6. Stir in 1 cup broth; cook 5 minutes or until the liquid is nearly absorbed, stirring frequently. 
  7. Stir in 1/2 cup broth, vermouth, salt, and oregano. 
  8. Add remaining broth, 1/2 cup at a time, stirring frequently until each portion of broth is absorbed before adding the next (about 25 minutes). 
  9. Add peas; cook 4 minutes. 
  10. Stir in cheese and remaining ingredients.

Friday, July 21, 2017

Falafel Pitas with Cucumber Yogurt Sauce

Another oldie/goodie from Cooking Light, and one that doesn't require much stove time. There's a fair amount of prep work to do with making the sauce, but the falafel themselves are creamy and delightful. I like to serve this with Couscous Salad with Chickpeas and Tomatoes; you can never have too many chickpeas.

  • 1/4 cup minced red onion
  • 1 tablespoon Dijon mustard
  • 1 teaspoon ground cumin
  • 1/2 teaspoon paprika
  • 1/4 teaspoon freshly ground black pepper
  • 1/8 teaspoon salt
  • 1 (15 1/2-ounce) can chickpeas (garbanzo beans), rinsed and drained
  • 1 (1-ounce) slice whole wheat bread, torn into pieces
  • 1 large egg
  • 1 large egg white
  • 1 1/2 tablespoons olive oil
  • 2 (6-inch) whole wheat pitas, split
  • 1 cup arugula
  • 1/2 cup Cucumber-Yogurt Dressing
  1. Combine first 10 ingredients in a food processor; pulse 6 times or until well blended (mixture will be wet).
  2. Heat olive oil in a large nonstick skillet over medium-high heat. Spoon about 1/3 cup chickpea mixture per patty into pan; cook 4 minutes on each side or until golden brown.
  3. Line each pita half with 1/4 cup arugula, add 1 patty to each pita half, and spoon 2 tablespoons Cucumber-Yogurt Dressing into each pita half.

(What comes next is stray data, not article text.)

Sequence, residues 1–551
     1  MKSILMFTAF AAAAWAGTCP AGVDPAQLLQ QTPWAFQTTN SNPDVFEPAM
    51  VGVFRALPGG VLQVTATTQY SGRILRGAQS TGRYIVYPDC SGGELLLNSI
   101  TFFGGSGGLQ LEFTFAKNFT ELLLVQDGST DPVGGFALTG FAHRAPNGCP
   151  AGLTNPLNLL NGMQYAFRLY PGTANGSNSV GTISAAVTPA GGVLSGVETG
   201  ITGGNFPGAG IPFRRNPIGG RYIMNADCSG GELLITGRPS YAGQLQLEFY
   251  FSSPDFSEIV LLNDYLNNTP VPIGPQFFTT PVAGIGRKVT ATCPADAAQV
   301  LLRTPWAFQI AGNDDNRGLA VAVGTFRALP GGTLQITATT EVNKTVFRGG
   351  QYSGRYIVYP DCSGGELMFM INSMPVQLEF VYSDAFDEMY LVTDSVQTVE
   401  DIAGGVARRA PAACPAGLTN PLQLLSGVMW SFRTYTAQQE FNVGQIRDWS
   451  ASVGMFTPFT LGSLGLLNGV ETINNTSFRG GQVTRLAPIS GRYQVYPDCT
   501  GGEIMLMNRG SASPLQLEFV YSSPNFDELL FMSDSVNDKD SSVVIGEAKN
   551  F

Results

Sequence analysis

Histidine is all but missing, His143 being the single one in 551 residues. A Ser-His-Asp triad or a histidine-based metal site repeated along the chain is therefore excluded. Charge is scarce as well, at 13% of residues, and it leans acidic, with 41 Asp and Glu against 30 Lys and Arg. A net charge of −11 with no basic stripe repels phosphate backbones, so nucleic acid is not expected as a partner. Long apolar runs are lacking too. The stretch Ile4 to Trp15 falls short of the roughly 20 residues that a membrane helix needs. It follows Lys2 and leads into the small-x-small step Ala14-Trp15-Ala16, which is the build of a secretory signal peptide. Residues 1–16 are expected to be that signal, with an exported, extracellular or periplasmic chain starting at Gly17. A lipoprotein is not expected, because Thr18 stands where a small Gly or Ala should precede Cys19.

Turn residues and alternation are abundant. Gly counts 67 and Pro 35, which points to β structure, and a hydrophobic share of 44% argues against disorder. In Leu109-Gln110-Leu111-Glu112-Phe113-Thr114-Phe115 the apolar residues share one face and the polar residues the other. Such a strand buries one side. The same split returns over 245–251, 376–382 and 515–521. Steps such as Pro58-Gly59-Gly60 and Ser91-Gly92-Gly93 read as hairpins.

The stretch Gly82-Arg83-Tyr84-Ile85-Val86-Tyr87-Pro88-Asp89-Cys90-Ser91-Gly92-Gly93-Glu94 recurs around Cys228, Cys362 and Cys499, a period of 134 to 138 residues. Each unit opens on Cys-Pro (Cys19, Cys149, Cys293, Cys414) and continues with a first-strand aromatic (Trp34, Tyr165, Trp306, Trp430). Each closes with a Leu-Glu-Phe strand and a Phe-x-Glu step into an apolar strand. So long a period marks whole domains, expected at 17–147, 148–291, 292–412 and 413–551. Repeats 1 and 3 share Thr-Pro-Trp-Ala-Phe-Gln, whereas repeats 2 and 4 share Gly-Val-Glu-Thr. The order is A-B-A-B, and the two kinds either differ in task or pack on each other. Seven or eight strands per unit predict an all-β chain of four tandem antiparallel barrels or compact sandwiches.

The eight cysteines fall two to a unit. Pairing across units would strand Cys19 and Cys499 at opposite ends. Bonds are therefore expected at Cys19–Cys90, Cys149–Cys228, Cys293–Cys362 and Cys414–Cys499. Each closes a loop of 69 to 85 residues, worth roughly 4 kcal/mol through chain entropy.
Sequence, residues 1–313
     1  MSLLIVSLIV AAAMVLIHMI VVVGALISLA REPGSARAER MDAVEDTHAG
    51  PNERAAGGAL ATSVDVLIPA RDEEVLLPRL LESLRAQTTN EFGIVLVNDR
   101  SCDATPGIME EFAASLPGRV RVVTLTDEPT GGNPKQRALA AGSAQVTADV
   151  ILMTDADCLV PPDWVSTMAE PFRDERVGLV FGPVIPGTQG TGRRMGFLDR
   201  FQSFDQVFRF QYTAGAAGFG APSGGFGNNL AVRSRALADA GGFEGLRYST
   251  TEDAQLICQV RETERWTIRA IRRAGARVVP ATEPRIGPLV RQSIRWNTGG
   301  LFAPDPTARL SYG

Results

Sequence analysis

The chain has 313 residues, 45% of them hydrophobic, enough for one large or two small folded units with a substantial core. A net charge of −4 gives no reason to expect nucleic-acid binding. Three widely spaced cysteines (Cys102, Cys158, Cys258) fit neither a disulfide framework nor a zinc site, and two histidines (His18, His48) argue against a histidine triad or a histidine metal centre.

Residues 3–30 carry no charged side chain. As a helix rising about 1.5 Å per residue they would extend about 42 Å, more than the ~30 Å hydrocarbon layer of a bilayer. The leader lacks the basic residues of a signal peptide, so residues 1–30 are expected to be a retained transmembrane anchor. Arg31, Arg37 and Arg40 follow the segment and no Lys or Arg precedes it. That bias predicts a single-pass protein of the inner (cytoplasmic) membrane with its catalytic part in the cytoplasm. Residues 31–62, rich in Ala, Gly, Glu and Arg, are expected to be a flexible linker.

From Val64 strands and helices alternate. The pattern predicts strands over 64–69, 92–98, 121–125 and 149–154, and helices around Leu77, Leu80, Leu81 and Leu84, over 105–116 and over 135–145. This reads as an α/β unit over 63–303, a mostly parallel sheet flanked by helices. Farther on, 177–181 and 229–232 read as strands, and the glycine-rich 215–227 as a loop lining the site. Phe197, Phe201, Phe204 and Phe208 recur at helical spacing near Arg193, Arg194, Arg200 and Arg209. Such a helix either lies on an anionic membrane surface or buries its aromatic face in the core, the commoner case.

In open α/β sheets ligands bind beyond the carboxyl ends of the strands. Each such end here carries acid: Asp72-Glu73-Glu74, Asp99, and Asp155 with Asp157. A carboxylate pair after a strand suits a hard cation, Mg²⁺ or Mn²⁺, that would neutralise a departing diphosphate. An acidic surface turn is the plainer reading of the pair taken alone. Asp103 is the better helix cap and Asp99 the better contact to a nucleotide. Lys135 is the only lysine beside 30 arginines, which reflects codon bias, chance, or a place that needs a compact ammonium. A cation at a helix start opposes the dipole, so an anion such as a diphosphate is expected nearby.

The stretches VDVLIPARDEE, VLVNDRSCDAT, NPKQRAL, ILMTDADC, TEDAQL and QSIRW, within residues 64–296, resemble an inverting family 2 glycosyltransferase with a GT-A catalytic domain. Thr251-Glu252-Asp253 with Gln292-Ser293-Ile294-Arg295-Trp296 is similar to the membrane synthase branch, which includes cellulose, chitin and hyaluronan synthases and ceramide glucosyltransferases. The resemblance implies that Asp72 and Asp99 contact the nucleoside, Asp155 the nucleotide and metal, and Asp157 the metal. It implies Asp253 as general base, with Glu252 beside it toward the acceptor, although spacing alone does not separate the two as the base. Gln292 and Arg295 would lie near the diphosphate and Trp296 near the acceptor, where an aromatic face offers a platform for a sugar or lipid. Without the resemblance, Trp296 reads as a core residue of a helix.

Thursday, July 20, 2017

Thai Chicken Sate with Peanut Sauce; Thai Cucumber Salad

A Thai-inspired two-fer last night as 90+ degree heat continues in Boston. I've been spending tons of time on Pinterest lately (boredom will do that), and actually managed to find two things in my pins that went together.

I really liked both of these and will definitely repeat. I cut my chicken into larger chunks than these and forgot to soak the skewers, so I just baked them on the sheet for a few minutes longer.

Note that this does need to marinate! I was very proud of myself for being together enough in the morning to get it all ready before work.

Thai Chicken Sate with Peanut Sauce (source)

  • 2 pounds chicken breasts, sliced into 1/2-1" strips
  • 2 tablespoons olive oil
  • 1/2 cup smooth peanut butter
  • 30-35 wooden skewers
Marinade/Sauce Ingredients:
  • 1/4 cup low sodium soy sauce
  • 1/4 cup packed brown sugar
  • 1 tablespoon chili paste (like Sambal Oelek)
  • 1 1/2 tablespoons lime juice
  • 1 1/2 tablespoons fish sauce
  • 1 teaspoon dried basil
  • 1 teaspoon coriander powder
  • 1/2 teaspoon ground ginger
  • 1/2 teaspoon garlic powder
  • 1/2 teaspoon turmeric powder
  1. Whisk together the Marinade/Sauce ingredients in a medium bowl. Remove 1/4 cup to a separate bowl and whisk in 2 tablespoons olive oil. Pour into a freezer bag or similar container. Add chicken and toss to evenly coat. Marinate in the refrigerator 6 hours up to overnight. Refrigerate remaining marinade/sauce separately to be used in the peanut sauce.
  2. When ready to cook, soak wooden skewers in water for at least 30 minutes. Thread chicken onto skewers.
  3. OVEN: Preheat oven to 350 degrees F. Line two baking sheets with foil and lightly spray with nonstick cooking spray. Evenly divide chicken between baking sheets. Bake 8-10 minutes or until chicken is cooked through (internal temp of 165 degrees F).

    GRILL: Grease an indoor or outdoor grill and heat to medium heat. Once hot, grill chicken approximately 4 minutes per side, or until chicken is cooked through (internal temp of 165 degrees F).
  4. Add the  reserved sauce to a small saucepan and bring it to a boil. Simmer for 1 minute. Remove from heat, then stir in 1/2 cup peanut butter until completely combined. Add water 1 TBSP at a time to thin if necessary.
  5. Serve chicken warm with peanut sauce.